Varnhem Abbey

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Varnhem Abbey
Varnhems klosterkyrka 2768.jpg
Varnhem Abbey church, with ruins of the ancient abbey to the right.
Monastery information
Order Cistercians
Site
Location Varnhem, Västra Götaland County, Sweden
Coordinates 58°23′03″N 13°39′15″E / 58.38417°N 13.65417°E / 58.38417; 13.65417Coordinates: 58°23′03″N 13°39′15″E / 58.38417°N 13.65417°E / 58.38417; 13.65417

Varnhem Abbey (Swedish: Varnhems kloster) in Varnhem, Västergötland, Sweden was founded around 1150 by monks of the Cistercian Order from Alvastra Abbey in Östergötland.

The Cistercian Order used the same floor plan for all its abbeys, which makes it possible to easily locate the different rooms and halls regardless of the building site.

History[edit]

A wooden and a stone church were both erected on the site before the abbey was built. The stone church was erected in the 1040s at the latest, and is the oldest known stone church in Sweden (excluding Skåne). According to radiocarbon dating, the oldest Christian man buried there died in the period 780-970. From other radiocarbon evidence, the Christian burials seem to have begun during the 10th century.

A rich lady named Sigrid, probably a widow, donated the property to the cistercian monks, but the queen tried to revoke the donation and instead seize the property herself. The queen's attempts failed and the monks established the abbey in 1150.[1] The Varnhem Abbey was sponsored by the House of Eric which in turn was granted burial privileges there. Three kings from the House of Eric lie buried in the abbey church: Canute I of Sweden, Eric X of Sweden and Eric XI of Sweden.[2]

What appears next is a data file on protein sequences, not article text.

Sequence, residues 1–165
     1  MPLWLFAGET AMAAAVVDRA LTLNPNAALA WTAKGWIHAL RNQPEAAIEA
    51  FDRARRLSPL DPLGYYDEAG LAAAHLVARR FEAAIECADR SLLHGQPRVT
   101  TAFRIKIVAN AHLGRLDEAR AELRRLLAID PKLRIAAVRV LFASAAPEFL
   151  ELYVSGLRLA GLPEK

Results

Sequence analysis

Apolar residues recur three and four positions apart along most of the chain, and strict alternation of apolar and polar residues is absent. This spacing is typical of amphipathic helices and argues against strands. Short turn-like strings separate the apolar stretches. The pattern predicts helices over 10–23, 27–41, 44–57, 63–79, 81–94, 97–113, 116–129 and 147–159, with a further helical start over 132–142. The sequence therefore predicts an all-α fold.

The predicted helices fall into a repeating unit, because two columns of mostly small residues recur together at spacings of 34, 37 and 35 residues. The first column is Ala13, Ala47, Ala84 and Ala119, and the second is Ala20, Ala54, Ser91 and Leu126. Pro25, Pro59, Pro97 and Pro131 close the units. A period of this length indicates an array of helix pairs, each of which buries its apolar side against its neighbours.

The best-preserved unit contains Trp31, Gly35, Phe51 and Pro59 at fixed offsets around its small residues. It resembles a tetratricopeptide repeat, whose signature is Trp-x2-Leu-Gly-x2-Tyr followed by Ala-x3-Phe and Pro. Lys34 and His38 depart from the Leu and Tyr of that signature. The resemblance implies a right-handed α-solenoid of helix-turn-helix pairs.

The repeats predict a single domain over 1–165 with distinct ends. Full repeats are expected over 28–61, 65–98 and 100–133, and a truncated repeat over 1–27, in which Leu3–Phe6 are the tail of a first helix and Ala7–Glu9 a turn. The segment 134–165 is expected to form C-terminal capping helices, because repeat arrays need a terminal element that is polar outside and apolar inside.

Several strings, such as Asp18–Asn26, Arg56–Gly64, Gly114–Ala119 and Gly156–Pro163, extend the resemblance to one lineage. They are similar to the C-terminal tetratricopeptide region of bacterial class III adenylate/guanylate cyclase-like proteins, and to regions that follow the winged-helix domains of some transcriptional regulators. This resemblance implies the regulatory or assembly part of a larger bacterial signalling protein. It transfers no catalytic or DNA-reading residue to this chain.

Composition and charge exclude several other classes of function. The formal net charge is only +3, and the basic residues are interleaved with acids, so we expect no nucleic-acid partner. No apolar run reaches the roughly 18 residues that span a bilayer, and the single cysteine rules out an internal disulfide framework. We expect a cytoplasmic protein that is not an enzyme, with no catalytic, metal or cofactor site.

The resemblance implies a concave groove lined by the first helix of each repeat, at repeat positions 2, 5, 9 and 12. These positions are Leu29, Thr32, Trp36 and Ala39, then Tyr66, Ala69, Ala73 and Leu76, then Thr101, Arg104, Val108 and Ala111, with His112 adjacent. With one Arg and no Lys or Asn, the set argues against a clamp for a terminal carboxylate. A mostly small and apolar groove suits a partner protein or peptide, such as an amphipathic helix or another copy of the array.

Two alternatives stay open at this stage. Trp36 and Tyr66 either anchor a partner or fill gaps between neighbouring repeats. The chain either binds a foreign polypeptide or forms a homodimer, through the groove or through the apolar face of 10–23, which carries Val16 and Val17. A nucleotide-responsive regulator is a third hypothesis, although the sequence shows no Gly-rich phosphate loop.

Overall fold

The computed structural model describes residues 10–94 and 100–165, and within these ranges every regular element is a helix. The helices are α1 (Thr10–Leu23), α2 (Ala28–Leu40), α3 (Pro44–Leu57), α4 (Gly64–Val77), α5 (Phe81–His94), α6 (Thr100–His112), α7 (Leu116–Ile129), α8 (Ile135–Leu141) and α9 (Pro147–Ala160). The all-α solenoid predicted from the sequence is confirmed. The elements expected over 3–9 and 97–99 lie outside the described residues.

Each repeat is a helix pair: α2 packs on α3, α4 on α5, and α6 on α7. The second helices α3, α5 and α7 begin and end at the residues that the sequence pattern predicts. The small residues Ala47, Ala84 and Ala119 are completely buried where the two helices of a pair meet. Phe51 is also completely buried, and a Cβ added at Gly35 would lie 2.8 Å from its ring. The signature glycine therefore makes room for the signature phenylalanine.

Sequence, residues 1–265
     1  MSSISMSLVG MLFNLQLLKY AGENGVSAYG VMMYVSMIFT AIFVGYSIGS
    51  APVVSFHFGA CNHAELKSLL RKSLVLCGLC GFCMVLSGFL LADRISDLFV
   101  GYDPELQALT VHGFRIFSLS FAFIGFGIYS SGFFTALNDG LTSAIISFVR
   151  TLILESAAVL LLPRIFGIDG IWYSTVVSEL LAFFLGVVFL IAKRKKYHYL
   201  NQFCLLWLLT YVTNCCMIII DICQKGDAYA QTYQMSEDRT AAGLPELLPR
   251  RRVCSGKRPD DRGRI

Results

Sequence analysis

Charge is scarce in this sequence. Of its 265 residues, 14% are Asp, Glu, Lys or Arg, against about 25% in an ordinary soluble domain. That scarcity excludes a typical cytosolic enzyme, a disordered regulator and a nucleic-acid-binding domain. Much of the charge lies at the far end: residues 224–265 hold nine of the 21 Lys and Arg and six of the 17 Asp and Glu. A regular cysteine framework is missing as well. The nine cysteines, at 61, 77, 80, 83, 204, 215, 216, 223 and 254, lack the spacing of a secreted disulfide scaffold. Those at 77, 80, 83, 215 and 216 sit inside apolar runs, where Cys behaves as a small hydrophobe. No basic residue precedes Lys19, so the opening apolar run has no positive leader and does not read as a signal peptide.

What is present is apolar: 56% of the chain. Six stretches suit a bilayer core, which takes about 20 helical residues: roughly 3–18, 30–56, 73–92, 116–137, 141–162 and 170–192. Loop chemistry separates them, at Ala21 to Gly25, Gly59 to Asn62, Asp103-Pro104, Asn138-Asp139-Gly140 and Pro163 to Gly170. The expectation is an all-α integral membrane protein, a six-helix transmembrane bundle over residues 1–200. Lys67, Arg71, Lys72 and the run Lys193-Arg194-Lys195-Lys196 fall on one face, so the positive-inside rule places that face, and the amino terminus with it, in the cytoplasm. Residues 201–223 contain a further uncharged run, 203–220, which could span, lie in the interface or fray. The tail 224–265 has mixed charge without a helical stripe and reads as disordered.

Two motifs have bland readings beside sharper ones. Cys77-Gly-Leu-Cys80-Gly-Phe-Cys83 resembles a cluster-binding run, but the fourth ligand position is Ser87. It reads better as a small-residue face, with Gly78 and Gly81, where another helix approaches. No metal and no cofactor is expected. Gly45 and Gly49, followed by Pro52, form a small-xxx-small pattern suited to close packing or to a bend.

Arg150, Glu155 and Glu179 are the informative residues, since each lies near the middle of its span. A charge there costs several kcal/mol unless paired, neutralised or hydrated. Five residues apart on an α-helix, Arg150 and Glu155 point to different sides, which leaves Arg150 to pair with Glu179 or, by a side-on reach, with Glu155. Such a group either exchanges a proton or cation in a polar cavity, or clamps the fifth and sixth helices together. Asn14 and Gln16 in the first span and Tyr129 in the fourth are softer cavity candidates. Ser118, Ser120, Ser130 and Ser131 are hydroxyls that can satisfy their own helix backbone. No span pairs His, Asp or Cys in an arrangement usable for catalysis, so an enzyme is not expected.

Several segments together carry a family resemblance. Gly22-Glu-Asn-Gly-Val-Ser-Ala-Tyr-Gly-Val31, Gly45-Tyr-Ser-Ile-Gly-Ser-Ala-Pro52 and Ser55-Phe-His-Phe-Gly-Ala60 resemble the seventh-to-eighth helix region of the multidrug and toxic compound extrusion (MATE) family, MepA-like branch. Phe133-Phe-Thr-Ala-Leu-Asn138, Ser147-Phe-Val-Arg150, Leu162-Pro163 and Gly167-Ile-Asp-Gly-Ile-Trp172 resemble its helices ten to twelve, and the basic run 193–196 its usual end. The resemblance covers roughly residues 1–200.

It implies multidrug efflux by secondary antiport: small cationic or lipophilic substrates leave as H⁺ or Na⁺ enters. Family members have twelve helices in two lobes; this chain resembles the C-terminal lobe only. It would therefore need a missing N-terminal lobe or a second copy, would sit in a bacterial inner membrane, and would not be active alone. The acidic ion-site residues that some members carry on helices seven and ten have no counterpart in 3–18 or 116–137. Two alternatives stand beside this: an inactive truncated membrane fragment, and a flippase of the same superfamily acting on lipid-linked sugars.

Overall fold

In 1234, the abbey was ruined by fire. The catastrophe led to a period of blooming, since Birger jarl and other mediaeval financiers rebuilt the abbey, this time more beautiful and imposing. The abbey church, which at first had been built in Romanesque style, was completed in Gothic style after the fire. In 1260 there was an opening ceremony for the church, which was the largest in Sweden at the time.[3]

The abbey's property was confiscated in 1527, and the abbey buildings were burned by Danish forces 1566 during the Northern Seven Years' War. In the middle of the 17th century, Magnus Gabriel De la Gardie received the abbey as a gift from the Swedish queen Christina.[3] De la Gardie restored the church and established a family mausoleum in it, while the remaining abbey buildings were left to decay. The church was thoroughly restored 1911–1923. Archeological excavations of the central part of the abbey were made 1921–1929, and again 1976 and 1977. In May 2002, the grave of Birger jarl was opened. The scientific analysis that followed, strengthened the belief that the three skeletons in the grave are the remains of Birger jarl, his son duke Eric Birgersson and Birger's wife Mechtild of Holstein.[3]

Today, only the abbey church remains standing, surrounded by ruins. The number of tourists visiting Varnhem has grown manyfold due to Jan Guillou's books about Arn.

Buried in Varnhem[edit]

A corbel in the abbey church representing Duke Birger of Sweden (Birger jarl).
The grave of Birger jarl, his wife Matilda (Mechtild) and Birger's son Duke Eric

Literature[edit]

References[edit]

  1. ^ Varnhem - Klosterstaden: Historiska personer. (Swedish). Retrieved on October 8, 2008.
  2. ^ a b c d e f g Varnhem - Klosterstaden: Klosterstaden/Kunglig gravkyrka. (Swedish). Retrieved on October 8, 2008.
  3. ^ a b c d "Varnhems Klosterkyrka" - brochure from Varnhems församling. (2003) (Swedish).